Belfast Telegraph

Tributes flood in for Queen's prof Patrick Johnston who 'put Belfast on research map'

By Michael SheIls McNamee

Leaders from the fields of science, politics and business have spoken of their sorrow at the sudden death of Professor Patrick Johnston, the man who "put Belfast on the global research map".

The President and Vice Chancellor of Queen's University passed away on Sunday at his holiday home in Co Donegal.

He had been a major force in overhauling cancer services in Northern Ireland, and was involved in establishing the Centre for Cancer Research and Cell Biology.

Alongside his work with Queen's University, a number of voices from the business community have spoken out about Prof Johnston's importance in driving investment into scientific research in Northern Ireland.

Prof Johnston had been a non-executive director of the NI Science Park Foundation, the group responsible for developing the science park in Belfast's Titanic Quarter, which has since been rebranded Catalyst Inc.

In a joint statement, chairman Dick Milliken and chief executive Dr Norman Apsley of Catalyst Inc said their "thoughts are with his family at this very sad time".

"He believed that the highest quality of academic medical research could only be achieved close to patients and intimate with the health providers' supply chain," he said.

"Professor Johnston put Belfast on the research map, changed the cancer outcomes for our people and built the beginnings of a local economy bringing these benefits to the world at large. It behoves those of us left behind to remain true to his dream."

These sentiments have been shared by chief executive of Invest NI Alastair Hamilton, who was "shocked and saddened to learn of the sudden passing of Professor Paddy Johnston" and expressed his condolences to his wife and family.

He said: "I would also like to pay tribute to the tremendous contribution which Paddy made throughout his career to the betterment of society, not only in Northern Ireland, but globally.

"His ground-breaking research into cancer treatment was, rightly, internationally recognised and played a huge role in showcasing our research capability on a global stage."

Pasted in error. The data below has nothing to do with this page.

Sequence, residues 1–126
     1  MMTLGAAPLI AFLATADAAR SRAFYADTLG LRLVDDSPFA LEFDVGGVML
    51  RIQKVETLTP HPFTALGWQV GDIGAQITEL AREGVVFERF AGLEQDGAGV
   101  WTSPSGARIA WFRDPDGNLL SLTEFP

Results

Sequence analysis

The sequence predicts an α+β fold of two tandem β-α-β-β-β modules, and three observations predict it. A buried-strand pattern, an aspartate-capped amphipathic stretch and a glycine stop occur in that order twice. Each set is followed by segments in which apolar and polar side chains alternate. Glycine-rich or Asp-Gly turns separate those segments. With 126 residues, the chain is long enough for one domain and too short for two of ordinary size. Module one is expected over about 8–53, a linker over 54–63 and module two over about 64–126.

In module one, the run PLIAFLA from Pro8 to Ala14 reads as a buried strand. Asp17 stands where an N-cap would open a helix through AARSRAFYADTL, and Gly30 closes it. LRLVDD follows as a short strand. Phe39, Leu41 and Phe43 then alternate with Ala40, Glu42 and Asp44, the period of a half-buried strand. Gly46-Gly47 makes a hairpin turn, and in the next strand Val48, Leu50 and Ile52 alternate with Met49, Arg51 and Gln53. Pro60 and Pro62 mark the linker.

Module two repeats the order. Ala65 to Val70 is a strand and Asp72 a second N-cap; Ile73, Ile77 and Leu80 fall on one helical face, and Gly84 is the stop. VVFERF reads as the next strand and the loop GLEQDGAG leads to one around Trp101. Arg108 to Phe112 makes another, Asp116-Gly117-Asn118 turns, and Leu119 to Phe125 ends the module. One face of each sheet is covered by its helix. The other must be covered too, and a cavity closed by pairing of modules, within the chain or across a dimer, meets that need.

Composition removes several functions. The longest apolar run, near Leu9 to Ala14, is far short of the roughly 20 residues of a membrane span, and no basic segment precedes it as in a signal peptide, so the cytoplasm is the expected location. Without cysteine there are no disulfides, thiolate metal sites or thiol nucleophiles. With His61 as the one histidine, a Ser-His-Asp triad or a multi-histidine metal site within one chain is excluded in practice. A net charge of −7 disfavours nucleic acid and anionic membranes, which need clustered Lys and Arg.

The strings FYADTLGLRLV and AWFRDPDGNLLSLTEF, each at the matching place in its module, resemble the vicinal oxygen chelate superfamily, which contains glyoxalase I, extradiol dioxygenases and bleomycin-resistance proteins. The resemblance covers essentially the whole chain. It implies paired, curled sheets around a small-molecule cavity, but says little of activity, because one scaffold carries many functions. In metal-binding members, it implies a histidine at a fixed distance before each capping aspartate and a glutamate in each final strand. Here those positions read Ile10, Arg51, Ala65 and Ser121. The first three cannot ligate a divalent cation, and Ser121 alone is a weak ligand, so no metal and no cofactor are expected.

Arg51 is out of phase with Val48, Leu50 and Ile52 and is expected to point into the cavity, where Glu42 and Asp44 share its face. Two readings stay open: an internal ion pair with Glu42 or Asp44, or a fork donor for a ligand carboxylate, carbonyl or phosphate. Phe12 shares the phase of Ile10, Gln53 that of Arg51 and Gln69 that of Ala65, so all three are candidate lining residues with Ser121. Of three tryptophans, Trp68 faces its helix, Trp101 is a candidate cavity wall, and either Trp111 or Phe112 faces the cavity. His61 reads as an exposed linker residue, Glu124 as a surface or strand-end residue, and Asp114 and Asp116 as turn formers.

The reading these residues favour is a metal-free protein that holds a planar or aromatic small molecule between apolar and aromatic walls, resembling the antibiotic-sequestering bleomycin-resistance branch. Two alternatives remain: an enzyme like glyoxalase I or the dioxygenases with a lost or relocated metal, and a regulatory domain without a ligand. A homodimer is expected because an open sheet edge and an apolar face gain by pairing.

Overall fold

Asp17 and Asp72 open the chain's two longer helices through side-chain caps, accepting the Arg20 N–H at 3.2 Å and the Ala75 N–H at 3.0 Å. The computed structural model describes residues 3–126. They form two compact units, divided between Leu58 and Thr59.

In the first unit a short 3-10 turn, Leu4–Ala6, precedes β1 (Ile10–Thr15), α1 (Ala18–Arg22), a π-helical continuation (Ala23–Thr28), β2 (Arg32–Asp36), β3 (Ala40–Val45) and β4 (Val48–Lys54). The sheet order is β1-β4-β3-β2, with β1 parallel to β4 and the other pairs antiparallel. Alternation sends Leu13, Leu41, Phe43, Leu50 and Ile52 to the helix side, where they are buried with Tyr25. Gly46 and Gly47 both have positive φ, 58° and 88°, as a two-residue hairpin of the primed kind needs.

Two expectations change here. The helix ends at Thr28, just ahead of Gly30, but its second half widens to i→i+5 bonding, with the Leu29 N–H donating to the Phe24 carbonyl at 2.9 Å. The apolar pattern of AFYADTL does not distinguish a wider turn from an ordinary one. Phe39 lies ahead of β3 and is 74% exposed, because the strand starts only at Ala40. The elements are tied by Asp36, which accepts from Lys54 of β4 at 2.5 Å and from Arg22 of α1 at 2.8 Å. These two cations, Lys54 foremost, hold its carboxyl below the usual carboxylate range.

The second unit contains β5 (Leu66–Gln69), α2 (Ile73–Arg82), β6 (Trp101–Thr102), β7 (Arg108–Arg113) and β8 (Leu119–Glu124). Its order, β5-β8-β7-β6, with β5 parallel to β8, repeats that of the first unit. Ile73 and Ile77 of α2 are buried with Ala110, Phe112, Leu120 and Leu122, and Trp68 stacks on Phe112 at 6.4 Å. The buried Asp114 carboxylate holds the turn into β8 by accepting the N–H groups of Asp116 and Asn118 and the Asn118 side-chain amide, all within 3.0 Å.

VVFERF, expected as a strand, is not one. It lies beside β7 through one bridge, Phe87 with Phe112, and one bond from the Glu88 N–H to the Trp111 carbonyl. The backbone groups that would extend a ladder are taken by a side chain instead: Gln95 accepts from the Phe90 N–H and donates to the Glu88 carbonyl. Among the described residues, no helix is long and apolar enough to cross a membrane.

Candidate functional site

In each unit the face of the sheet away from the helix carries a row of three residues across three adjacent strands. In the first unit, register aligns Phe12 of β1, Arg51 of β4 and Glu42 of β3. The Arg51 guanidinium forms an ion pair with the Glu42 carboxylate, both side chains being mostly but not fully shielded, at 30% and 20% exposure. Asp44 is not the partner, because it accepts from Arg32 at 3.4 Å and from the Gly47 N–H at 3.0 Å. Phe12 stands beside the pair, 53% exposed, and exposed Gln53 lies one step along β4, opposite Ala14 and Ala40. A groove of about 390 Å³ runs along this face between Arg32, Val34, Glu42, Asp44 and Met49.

Linda Brown, the director of the Institute of Directors business group that Prof Johnson had been a member of, said he had "made a major contribution to the organisation both in terms of attending and speaking at events over recent years".

She continued: "His ambitious plans to raise the university's international appeal and grow income through research showed tremendous vision and leadership, the results of which will make a real difference to the future economic prosperity of Northern Ireland as a whole."

Before returning home to become the chair of Oncology with Queen's University in 1996, he spent 10 years in the US working with the National Cancer Institute, one of the world's largest medical research institutions.

In an interview with the Belfast Telegraph last year, Prof Johnston said that his return home had been motivated by the goal of creating a "modern cancer programme" in Northern Ireland.

The international significance of his work has been reflected in the tributes pouring in from the scientific community around the globe. In a tribute on Twitter, the Dubai-based Mohammed Bin Rashid University Of Medicine and Health Sciences said that Prof Johnston was a "great man" and that he was "an advocate for education and his imprint is everlasting".

The university added: "We will always be thankful for his kinship."

Dublin City University said in a post on social media that it extended its "deepest condolences to the family, friends & colleagues of Queen's University Belfast Vice-Chancellor Prof Patrick Johnston, on his untimely death".

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